Martin: “Does this mean I can’t leave the country?”
Alvarado: “Your attorney will explain it to you.”
But Denson was engaged just then: he'd called in Damian Wyzgg of Mount Shasta, the president of the State of Jefferson Medical Marijuana Co-Operative and was trying to get some questions asked over DA Eyster’s steady stream of objections. The contest of wills was uneven — Eyster was like the roar of the lion to the squeak of Denson's mouse. It evolved that everyone in the Shasta co-op showed Mr. Wyzgg their doctor’s recommendation, then they each paid $500 to Woodson to grow their “medicine.”
Eyster asked Wyzgg what he had done to make sure none of the marijuana “leaked” into the black market.
Wyzgg: “We never got any of the marijuana.”
Eyster: “That’s not what I asked you. I want to know what precautions you took to make sure this marijuana wasn’t sold on the black market.”
Wyzgg: “None. I didn’t do anything.”
Eyster: “Did you do any research before you set up this co-operative?”
Eyster: “Get any legal advice, consult with a lawyer?”
Eyster: “Did you read the State Attorney General’s guidelines for setting up a co-operative?”
Wyzgg looked as miserable and confused as Martin had. He had come in looking somewhat scruffy, his hair hadn’t obeyed the comb, his khakis looked slept in, and he had an awed expression on his face, like a kid at his first rodeo. In fact, he looked a lot like the unprepared attorney who'd called him to testify without, apparently, preparing the poor guy for what he'd be testifying to.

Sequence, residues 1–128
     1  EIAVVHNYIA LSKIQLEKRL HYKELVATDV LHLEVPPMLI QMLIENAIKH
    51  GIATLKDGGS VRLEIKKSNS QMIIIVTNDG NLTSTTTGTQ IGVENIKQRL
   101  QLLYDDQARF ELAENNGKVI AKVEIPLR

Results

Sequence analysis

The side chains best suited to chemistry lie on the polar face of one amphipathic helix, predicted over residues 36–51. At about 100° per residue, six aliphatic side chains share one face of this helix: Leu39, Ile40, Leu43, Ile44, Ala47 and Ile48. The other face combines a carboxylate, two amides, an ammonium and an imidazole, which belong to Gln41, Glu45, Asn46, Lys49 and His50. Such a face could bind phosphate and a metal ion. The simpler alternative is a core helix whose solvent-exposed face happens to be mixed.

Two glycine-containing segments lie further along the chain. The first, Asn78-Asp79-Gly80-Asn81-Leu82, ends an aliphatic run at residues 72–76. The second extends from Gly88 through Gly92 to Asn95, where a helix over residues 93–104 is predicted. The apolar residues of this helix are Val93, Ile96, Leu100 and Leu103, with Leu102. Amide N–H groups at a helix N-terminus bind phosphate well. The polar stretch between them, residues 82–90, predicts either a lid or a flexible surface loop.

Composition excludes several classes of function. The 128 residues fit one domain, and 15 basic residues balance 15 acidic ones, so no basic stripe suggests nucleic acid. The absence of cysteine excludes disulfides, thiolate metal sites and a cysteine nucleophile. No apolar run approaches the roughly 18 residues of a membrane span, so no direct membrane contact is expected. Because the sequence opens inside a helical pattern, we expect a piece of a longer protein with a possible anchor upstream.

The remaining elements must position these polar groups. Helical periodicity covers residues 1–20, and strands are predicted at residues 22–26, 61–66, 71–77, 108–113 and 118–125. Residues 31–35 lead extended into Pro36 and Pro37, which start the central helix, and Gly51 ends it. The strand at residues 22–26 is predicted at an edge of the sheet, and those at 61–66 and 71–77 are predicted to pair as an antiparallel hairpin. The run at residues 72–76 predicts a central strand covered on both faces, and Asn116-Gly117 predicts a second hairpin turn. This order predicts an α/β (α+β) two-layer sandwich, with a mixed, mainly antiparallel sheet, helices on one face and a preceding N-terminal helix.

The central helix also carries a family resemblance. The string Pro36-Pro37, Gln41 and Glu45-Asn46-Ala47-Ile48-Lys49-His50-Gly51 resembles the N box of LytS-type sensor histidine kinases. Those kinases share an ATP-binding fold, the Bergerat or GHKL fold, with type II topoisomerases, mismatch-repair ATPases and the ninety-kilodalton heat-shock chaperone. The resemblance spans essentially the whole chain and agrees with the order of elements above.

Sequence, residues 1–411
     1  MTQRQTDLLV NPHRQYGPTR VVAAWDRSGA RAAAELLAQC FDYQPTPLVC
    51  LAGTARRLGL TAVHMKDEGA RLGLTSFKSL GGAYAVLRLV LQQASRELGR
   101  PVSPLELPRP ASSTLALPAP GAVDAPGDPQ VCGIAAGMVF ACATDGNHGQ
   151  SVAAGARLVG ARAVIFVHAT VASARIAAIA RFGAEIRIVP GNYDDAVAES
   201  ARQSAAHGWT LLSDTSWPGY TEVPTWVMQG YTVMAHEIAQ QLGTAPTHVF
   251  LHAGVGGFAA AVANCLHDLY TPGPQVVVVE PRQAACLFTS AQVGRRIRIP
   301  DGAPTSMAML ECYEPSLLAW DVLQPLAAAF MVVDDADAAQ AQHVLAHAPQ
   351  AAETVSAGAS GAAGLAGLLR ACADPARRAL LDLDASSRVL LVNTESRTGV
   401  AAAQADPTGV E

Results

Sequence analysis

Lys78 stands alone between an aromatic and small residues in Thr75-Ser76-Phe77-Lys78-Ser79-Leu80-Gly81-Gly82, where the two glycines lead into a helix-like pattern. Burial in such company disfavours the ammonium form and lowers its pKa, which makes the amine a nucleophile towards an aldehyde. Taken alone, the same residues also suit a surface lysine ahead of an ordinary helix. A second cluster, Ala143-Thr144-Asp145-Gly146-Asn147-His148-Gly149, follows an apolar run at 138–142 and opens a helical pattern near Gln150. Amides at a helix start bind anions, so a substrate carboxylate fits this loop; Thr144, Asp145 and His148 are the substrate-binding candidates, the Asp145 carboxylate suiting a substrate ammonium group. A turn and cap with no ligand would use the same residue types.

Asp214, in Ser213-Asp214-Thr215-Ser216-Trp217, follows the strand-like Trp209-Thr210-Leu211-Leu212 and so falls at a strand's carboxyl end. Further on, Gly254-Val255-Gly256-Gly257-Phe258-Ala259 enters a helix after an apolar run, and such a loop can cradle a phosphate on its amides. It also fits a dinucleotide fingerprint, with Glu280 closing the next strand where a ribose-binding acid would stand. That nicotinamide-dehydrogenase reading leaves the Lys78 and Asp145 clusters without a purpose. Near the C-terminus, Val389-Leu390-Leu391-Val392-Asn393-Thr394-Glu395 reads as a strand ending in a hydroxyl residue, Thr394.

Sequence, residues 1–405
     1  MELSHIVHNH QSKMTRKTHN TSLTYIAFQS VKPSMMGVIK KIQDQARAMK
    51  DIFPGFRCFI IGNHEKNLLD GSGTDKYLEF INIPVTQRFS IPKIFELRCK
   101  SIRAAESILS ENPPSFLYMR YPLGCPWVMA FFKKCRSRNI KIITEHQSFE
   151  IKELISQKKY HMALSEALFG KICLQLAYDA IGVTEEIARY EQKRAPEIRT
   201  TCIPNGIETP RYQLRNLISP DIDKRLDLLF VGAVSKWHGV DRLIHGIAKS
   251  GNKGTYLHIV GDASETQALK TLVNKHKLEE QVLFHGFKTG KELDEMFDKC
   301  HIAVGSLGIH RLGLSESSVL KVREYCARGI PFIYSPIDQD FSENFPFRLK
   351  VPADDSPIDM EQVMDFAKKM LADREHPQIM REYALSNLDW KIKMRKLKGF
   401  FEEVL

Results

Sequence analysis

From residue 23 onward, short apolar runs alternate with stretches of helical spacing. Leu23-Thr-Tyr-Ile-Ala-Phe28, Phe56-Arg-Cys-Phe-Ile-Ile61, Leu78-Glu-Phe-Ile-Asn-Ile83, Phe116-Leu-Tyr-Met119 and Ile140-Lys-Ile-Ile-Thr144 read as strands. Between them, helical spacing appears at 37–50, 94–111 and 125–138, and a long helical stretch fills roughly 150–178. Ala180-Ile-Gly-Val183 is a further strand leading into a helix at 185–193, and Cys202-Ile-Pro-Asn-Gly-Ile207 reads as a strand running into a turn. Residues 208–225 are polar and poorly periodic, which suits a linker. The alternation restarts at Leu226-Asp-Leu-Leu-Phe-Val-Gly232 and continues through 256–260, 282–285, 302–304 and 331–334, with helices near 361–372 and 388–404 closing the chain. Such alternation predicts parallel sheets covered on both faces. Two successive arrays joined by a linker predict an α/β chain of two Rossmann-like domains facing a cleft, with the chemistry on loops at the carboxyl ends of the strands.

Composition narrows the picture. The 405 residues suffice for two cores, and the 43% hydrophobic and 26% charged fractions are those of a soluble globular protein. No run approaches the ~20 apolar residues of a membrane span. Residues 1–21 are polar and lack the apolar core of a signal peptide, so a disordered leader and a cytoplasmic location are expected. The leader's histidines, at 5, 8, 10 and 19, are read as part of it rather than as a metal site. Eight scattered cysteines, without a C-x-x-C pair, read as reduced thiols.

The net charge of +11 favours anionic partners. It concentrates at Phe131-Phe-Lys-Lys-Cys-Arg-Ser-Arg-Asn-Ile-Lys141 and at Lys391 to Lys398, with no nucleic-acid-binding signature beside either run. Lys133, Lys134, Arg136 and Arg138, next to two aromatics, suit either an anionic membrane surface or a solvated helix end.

But Eyster, who had earlier been so stubbornly opposed to Denson's pole-axed witnesses, was suddenly delighted with both of them, so much so that he now had no objection to their taking the stand in Woodson’s defense.
The hearing was concluded and the trial set for Tuesday morning. The stranded Brit has had to revise his travel plans.
CATCH OF THE DAY, February 13, 2016
OMAR AGUILERA-RAMIREZ, Philo. Criminal threats.
MELISSA BRADSHAW, Bakersfield/Ukiah. DUI-drugs, suspended license, controlled substance.
GABRIEL CAMPOS, Ukiah. Drunk in public.
MICHAEL CUMMINS, Fort Bragg. Drunk in public.
DANIELLE DAVILA, Willits. Drunk in public.
VICENTE GONZALEZ, Willits. Controlled substance, paraphernalia, impersonation of another, failure to appear, probation revocation.
MICHAEL KAGLEY, Fort Bragg. Retaking land after removal, paraphernalia, failure to appear, probation revocation. (Ed note: We think this first charge has something to do with returning to land or property after having been evicted…)
DELILAH KNIGHT, Ukiah. Obtaining credit with someone else’s ID.
LORENZO MARTINEZ, Talmage. Parole violation.
GWENDOLYN MCGRATH, Ukiah. Fugitive, multiple DUIs, probation revocation.
MAIRA MEZA, Willits. DUI.
TAYLOR MILLER, Ukiah. Domestic battery.
JENNIFER OVERCAST, Roseville/Willits. Failure to appear.
MATTHEW PAQUET, Ukiah. Drunk in public, false impersonaltion, parole violation.